Adsorption of organic micropollutants onto biochar: a review of relevant kinetics, mechanisms and equilibrium
Abstract: As an alternative to activated carbon, biochar has been considered for removal of organic micropollutants from water and wastewater via adsorption. This review elaborates on the fundamental basis of adsorption kinetics, mechanisms, and equilibrium with respect to biochar-based adsorption of micropollutants. The objectives include: 1) linking biochar surface properties with adsorption abilities, 2) categorizing the kinetics of adsorption of aqueous-phase organic compounds onto biochar, 3) categorizing the molecular-scale interactions between organic micropollutants and biochar, and 4) reviewing existing quantitative methods for characterizing adsorption equilibrium of organic micropollutants from water onto an adsorbent surface. To fulfill these goals, the relationships among biochar surface properties, adsorption kinetics, mechanisms, and equilibrium were clarified as current literature often lacks such discussion or may include conflicting descriptions. Due to its heterogeneous nature, research on biochar's adsorption potential for micropollutants is ambiguous. By adapting adsorption theories to biochar application specifically, this review helps to inform future research in terms of addressing knowledge gaps in characterizing and improving biochar adsorption.
Summary (1 min read)
Q = 𝐾𝐾𝑑𝑑𝐶𝐶𝑆𝑆𝑛𝑛 Eq. 11
- The more drastically the binding affinity changes (indicating the existence of remarkably strong affinity sites) across the adsorbent surface, the smaller the n value.
- The distribution coefficient K used in derivation of isotherms is related to the thermodynamic equilibrium constant (Kc=exp (-ΔG0/RT)), and the surface site distribution function Φ𝑑𝑑𝑑𝑑𝑑𝑑𝑑𝑑 is also related to K. 5.2 Thermodynamics of adsorption Thermodynamics, like isotherms, play an essential role in characterizing adsorption equilibrium and mechanisms.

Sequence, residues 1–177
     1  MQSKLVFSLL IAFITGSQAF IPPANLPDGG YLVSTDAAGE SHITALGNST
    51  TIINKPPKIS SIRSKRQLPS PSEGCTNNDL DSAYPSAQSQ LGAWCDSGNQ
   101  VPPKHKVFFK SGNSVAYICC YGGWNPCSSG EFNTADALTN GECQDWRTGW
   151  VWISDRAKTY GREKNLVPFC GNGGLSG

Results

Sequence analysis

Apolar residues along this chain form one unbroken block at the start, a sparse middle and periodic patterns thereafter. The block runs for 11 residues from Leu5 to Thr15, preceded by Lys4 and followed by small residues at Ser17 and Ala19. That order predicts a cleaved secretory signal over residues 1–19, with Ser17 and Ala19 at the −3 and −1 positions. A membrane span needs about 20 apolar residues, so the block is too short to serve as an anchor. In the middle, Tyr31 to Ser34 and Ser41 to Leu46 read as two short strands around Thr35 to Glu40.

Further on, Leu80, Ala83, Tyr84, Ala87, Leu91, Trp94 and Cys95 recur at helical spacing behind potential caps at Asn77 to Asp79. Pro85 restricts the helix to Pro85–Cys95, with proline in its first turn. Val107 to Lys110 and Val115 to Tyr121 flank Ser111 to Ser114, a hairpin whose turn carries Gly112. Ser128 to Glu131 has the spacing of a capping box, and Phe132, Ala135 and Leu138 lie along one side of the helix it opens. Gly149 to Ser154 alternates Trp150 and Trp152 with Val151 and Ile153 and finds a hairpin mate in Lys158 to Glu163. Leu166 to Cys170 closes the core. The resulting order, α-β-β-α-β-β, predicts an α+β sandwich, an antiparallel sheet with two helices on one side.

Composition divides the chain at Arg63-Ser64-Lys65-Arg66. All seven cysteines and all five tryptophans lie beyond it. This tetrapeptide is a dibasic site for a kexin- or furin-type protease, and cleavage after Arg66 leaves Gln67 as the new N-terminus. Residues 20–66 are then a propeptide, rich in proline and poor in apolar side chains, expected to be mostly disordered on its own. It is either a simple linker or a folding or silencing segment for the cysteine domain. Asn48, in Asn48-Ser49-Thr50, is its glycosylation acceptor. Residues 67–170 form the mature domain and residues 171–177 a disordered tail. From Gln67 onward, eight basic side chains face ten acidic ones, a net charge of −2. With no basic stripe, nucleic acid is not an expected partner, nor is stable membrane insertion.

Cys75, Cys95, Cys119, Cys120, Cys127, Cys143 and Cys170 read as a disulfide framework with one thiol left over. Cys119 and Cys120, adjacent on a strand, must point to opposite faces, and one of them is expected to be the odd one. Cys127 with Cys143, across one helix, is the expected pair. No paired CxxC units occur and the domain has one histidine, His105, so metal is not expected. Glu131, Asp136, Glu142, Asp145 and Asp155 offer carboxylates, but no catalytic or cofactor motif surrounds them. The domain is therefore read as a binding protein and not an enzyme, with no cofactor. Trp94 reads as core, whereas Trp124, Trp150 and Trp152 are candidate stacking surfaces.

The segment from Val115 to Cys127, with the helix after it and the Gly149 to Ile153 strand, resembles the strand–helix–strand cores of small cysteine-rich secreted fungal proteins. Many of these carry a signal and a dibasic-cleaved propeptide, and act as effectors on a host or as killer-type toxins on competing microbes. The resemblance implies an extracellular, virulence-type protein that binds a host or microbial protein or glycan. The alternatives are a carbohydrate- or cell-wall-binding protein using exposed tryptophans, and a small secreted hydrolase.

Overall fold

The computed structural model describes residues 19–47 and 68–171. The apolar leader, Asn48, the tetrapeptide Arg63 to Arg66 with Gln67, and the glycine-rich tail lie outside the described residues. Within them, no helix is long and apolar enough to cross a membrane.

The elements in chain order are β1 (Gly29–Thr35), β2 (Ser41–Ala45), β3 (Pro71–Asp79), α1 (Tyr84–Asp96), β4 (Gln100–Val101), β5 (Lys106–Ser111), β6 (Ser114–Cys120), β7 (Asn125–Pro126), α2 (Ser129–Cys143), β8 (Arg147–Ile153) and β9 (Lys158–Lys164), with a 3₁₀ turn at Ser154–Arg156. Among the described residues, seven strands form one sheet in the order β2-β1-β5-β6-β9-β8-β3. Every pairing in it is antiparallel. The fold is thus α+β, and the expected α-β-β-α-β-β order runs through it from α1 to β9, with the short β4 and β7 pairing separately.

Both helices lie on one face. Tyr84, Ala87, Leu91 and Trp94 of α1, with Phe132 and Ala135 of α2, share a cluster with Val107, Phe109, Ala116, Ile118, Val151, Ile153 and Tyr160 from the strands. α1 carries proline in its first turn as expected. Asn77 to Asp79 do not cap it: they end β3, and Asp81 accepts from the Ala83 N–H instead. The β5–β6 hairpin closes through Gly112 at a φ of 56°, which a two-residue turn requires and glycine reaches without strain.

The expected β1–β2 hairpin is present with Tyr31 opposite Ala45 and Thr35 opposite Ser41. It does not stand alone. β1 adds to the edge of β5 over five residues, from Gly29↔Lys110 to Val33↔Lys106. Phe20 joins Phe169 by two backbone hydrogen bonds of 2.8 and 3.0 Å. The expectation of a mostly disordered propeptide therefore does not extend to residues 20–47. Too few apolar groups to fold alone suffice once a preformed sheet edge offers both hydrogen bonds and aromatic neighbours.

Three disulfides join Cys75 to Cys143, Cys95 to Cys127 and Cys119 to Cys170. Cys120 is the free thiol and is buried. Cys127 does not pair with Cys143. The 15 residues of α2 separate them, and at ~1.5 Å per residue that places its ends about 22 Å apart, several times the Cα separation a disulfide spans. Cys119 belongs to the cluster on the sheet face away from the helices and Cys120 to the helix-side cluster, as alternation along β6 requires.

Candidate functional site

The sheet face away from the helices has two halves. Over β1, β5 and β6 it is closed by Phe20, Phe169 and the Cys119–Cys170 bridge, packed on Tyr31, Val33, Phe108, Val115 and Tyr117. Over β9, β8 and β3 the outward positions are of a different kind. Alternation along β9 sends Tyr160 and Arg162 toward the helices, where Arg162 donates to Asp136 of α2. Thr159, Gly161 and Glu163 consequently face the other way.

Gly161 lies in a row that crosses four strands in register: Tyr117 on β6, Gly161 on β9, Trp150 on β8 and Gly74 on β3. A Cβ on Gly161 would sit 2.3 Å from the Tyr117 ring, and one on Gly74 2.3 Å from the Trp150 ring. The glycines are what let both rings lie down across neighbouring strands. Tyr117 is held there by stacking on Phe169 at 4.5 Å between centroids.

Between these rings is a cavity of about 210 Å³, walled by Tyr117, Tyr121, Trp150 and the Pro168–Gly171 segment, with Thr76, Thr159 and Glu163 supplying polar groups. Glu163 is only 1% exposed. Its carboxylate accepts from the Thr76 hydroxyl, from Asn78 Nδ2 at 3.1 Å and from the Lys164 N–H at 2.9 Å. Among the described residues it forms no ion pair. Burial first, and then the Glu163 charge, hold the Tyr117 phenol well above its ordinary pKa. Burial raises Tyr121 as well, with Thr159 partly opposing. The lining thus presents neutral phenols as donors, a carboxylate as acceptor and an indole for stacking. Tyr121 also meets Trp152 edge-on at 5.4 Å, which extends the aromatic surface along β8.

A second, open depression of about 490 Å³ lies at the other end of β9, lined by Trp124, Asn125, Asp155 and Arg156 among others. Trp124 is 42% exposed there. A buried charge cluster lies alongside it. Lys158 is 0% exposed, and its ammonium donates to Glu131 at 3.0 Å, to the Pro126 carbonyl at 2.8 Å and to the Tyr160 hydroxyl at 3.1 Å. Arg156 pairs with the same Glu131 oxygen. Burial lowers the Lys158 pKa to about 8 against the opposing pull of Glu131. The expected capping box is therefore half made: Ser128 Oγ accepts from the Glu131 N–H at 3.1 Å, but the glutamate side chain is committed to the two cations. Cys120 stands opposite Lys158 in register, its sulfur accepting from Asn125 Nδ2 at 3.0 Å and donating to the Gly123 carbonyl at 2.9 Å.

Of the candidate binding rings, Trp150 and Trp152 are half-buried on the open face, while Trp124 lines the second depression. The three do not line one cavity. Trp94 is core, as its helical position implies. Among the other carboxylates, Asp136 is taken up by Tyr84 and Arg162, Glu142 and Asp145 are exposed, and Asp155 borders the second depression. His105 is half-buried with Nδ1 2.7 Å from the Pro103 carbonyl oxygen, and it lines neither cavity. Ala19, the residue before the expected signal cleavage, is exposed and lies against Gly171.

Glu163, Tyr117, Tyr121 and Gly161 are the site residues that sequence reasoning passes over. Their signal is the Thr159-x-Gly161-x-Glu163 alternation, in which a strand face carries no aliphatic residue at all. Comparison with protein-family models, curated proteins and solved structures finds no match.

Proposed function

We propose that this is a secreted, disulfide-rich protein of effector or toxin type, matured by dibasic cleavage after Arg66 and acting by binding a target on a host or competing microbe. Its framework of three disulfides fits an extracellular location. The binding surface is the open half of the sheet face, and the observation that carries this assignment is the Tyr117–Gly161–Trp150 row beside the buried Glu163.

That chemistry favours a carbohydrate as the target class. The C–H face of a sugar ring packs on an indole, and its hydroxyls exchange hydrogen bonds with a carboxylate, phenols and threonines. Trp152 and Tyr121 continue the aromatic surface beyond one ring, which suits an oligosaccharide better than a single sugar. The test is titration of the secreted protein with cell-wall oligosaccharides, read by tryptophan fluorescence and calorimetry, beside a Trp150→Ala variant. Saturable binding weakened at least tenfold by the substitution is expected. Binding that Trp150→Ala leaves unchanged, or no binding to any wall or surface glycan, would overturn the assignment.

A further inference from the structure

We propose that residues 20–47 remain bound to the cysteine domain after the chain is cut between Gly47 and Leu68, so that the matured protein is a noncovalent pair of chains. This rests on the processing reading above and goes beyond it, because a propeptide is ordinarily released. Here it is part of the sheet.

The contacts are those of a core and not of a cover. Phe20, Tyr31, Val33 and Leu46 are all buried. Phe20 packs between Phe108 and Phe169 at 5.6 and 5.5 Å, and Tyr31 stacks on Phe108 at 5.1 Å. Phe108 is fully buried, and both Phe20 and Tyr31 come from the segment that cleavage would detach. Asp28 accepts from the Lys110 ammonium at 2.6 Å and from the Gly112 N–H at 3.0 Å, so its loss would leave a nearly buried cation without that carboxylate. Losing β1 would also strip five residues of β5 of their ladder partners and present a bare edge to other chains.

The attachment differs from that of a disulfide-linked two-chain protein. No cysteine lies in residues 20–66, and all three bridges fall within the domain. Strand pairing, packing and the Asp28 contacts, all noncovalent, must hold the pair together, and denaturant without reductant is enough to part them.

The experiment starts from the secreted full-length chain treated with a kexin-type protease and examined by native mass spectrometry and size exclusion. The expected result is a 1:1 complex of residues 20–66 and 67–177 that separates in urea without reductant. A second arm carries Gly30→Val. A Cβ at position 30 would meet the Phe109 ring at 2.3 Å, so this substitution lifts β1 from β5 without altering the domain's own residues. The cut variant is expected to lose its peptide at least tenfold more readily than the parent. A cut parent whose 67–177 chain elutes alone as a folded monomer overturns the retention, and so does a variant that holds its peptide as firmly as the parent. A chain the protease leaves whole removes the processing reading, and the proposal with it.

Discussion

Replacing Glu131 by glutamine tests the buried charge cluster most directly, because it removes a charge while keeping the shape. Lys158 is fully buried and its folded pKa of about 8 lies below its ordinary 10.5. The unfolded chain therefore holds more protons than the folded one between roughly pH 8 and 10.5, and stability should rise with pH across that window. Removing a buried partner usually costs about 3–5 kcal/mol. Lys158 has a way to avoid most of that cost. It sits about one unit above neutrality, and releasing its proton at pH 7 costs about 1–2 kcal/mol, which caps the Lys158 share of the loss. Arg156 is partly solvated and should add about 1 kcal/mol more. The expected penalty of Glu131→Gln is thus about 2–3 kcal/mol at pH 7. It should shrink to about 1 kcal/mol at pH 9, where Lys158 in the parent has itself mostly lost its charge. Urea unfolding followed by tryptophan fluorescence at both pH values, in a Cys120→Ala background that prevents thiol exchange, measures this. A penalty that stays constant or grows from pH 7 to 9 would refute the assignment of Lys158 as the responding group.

- For adsorption of organic dyes on biochar, Figure 4A shows isosteric heat changing with surface coverage.
- A negative ΔGO value indicates that the driving forces promote adsorption rather than hinder adsorption.
2) Categorize the kinetics of adsorption of aqueous-phase organic compounds onto biochar.
- The kinetics of aqueous-phase adsorption can be categorized in terms of the rate-limiting step.
- Diffusion-controlled kinetics are usually observed for weak physical adsorption, whereas reactioncontrolled kinetics most often characterize chemical adsorption or strong physical adsorption such as coulombic attraction, which stems from charged functional groups on both the biochar’s surface and on micropollutant molecules.
3) Categorize the molecular-scale interactions between organic micropollutants and biochar.
- The intermolecular forces discussed in this review include those associated with organics and biochar, including hydrophobic interaction, dipole interaction, π-interaction, H-bonding, coulombic attraction, and covalent bonding.
- Binding mechanisms are closely related to the molecular structures of the organic micropollutants and surface properties of biochar.
- Qualitative categorization of mechanisms is essential for calculating the contribution of each mechanism to total free energy change of adsorption in thermodynamic models 27.
- The engineered solid surface properties can be improved to facilitate dominant binding accordingly.
4) Review existing quantitative methods for characterizing adsorption equilibrium of organic micropollutants from water.
- Adsorption equilibrium can be characterized using isotherm models.
- Kinetics and mechanisms of adsorption can be further elucidated.
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